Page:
Funding ratios for corporate pension plans fell slightly in July as market returns could not keep pace with an increase in liabilities, according to reports from Northern Trust Asset Management and Mercer.
According to Northern Trust, the average funding ratio for S&P 500 companies with defined benefit plans fell to 79.1% in July from 80% the month before. Global equity market returns were up about 5.3% during the month, while the discount rate decreased to 1.94% from 2.28% for the month ended July 31, leading to higher liabilities.
"This divergence in asset vs. funded ratio performance reinforces the importance to monitor both asset and liability growth," said Jessica K. Hart, senior vice president and head of the outsourced CIO retirement practice at Northern Trust Asset Management, in a news release.
Meanwhile, Mercer said the estimated aggregate funding level of pension plans sponsored by S&P 1500 companies decreased by 1 percentage point to 79% in the month ended July 31 because of a decrease in discount rates to 2.2% from 2.57% that was partially offset by an increase in equity markets.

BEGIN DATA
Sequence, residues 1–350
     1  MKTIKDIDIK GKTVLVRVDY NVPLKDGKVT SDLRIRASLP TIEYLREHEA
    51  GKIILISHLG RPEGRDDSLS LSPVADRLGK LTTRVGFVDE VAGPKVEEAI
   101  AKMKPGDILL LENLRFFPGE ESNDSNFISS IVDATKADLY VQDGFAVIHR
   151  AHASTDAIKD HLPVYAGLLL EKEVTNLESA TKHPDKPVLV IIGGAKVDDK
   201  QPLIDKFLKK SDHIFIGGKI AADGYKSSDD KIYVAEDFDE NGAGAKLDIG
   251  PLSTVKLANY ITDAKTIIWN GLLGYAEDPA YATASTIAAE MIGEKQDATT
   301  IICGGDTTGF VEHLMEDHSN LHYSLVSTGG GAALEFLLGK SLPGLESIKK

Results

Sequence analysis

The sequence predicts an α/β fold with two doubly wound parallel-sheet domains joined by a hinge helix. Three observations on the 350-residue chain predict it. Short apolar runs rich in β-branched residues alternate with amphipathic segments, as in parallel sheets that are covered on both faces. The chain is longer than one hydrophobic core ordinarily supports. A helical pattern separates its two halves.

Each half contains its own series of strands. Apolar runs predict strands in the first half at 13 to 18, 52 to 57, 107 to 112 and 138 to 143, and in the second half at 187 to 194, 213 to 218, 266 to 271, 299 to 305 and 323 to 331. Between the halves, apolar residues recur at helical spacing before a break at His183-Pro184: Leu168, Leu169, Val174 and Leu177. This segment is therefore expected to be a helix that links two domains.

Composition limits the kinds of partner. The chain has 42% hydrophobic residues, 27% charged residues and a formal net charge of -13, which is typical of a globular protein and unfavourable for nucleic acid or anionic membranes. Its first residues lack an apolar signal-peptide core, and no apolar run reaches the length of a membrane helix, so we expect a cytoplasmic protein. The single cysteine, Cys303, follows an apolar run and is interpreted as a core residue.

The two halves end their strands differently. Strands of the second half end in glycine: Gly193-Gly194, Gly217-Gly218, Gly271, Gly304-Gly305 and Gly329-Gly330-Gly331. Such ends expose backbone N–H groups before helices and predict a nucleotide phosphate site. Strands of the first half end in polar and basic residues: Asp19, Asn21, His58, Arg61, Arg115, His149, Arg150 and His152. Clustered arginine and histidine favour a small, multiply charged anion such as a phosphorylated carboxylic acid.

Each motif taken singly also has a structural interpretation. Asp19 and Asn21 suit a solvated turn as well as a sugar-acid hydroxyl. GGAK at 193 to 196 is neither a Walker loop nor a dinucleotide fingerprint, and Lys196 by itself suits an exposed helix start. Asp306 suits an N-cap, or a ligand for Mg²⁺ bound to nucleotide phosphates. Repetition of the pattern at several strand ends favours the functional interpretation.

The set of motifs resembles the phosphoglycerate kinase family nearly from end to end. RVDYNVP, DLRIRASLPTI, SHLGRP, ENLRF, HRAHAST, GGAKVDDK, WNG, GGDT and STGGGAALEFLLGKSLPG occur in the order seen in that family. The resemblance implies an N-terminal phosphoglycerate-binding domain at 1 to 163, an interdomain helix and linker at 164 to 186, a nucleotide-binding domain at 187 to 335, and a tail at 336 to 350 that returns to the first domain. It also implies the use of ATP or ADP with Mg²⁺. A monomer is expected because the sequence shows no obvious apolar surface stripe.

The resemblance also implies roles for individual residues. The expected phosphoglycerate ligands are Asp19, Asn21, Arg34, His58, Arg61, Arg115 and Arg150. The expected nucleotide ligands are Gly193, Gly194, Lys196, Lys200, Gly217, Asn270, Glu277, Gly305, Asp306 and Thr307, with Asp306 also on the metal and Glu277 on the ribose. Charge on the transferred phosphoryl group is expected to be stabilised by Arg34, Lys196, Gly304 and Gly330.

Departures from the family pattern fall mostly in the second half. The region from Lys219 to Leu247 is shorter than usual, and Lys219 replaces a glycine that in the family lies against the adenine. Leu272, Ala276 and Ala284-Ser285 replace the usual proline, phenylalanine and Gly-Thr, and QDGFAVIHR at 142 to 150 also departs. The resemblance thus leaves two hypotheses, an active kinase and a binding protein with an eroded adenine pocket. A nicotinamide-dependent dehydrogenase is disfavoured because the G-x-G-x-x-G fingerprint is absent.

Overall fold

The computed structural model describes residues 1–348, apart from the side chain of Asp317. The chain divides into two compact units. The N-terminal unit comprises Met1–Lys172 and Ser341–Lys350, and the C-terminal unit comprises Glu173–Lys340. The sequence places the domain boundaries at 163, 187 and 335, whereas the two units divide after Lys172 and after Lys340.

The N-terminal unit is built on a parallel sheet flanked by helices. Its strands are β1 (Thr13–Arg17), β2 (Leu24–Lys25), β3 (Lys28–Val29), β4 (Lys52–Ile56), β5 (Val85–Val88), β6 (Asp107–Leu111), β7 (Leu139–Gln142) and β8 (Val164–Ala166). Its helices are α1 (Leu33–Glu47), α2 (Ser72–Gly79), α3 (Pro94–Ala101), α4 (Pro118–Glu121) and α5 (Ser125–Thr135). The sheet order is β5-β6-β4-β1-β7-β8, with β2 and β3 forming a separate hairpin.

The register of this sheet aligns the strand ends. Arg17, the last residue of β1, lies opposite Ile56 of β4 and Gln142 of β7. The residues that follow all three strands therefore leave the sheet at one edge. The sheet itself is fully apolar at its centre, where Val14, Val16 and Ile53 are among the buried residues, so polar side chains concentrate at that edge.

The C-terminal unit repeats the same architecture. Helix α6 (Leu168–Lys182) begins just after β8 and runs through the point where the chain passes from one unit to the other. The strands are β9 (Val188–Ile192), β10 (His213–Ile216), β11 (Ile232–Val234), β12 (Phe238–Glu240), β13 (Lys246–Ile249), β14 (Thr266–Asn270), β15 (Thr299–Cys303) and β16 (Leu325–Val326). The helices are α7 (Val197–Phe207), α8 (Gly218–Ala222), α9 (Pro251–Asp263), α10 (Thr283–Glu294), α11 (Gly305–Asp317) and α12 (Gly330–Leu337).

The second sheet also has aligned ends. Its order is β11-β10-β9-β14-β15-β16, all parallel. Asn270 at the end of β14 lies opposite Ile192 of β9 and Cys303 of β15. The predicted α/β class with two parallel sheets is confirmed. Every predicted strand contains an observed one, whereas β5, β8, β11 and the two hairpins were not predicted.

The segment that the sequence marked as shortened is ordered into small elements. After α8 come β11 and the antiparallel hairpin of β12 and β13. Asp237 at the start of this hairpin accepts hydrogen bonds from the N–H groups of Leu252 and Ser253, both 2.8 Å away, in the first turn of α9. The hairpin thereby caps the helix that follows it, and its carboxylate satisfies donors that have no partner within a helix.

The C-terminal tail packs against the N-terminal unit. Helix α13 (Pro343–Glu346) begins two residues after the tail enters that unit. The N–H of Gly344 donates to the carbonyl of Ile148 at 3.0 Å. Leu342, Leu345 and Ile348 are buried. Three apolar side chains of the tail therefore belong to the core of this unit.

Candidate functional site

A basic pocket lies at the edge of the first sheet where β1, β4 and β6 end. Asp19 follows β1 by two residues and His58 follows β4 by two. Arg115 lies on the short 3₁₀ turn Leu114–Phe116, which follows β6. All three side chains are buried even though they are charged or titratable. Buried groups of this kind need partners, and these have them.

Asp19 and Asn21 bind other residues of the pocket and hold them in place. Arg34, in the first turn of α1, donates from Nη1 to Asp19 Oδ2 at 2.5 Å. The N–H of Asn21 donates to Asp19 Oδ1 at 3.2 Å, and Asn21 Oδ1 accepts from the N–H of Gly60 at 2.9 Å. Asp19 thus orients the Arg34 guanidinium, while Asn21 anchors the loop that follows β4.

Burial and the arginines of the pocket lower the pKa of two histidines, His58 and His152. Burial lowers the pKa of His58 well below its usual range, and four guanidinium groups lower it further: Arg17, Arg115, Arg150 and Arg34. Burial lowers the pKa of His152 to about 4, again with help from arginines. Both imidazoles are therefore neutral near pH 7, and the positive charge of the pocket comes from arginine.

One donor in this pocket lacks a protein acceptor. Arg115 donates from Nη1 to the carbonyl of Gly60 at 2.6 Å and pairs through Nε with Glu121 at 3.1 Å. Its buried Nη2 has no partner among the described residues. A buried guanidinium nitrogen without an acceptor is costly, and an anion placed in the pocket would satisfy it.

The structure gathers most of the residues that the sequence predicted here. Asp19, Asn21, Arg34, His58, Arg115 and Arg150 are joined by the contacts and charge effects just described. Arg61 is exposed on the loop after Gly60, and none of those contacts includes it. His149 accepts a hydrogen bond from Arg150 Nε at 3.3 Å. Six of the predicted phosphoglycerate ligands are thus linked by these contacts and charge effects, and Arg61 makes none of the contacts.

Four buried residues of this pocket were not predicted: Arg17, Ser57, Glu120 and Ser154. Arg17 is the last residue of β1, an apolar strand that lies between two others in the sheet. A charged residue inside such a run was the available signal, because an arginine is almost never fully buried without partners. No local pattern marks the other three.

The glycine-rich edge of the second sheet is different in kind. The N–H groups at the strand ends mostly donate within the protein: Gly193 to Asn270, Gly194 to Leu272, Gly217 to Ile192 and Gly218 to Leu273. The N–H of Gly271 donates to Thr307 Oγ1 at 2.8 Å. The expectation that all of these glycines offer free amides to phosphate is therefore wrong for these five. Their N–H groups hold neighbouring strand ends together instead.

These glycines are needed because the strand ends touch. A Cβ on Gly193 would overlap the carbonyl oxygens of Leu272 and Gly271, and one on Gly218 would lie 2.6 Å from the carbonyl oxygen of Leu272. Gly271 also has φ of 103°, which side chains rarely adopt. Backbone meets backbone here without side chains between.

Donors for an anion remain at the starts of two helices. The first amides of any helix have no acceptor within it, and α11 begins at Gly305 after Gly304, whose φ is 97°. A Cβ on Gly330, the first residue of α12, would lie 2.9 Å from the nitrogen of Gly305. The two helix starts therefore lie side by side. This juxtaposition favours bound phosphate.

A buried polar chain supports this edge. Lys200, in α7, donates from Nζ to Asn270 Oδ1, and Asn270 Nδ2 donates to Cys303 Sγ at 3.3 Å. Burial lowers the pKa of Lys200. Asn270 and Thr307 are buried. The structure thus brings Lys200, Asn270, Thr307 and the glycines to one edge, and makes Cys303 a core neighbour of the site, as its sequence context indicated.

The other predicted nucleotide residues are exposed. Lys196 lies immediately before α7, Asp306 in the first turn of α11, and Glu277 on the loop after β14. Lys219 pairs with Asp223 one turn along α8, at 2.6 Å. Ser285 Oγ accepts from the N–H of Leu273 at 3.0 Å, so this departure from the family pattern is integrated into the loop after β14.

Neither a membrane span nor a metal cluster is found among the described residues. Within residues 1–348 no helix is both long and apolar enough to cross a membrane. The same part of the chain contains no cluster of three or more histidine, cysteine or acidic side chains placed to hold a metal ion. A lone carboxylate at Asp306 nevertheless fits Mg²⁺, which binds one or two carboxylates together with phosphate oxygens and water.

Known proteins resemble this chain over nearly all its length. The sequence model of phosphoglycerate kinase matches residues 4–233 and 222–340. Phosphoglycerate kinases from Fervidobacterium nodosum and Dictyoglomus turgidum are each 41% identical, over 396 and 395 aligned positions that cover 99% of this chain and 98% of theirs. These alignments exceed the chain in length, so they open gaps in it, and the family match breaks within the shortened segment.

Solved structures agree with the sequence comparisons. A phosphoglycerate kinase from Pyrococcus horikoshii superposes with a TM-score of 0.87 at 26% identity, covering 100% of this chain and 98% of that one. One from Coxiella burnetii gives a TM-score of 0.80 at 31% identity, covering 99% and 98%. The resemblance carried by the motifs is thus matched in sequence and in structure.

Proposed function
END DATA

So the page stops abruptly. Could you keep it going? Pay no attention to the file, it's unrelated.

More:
The estimated aggregate deficit of pension fund assets of S&P 1500 companies totaled $557 billion as of July 31, up $64 billion from the end of June.
"With rates continuing to drop, additional pension funding relief is looking even more attractive to plan sponsors faced with large increases in contributions over the next few years," said Scott Jarboe, a partner in Mercer's wealth business, in a separate news release. "Unfortunately, debate continues in Congress over the next round of COVID-19 relief legislation and at this point there's no guarantee pension funding relief will be included this round."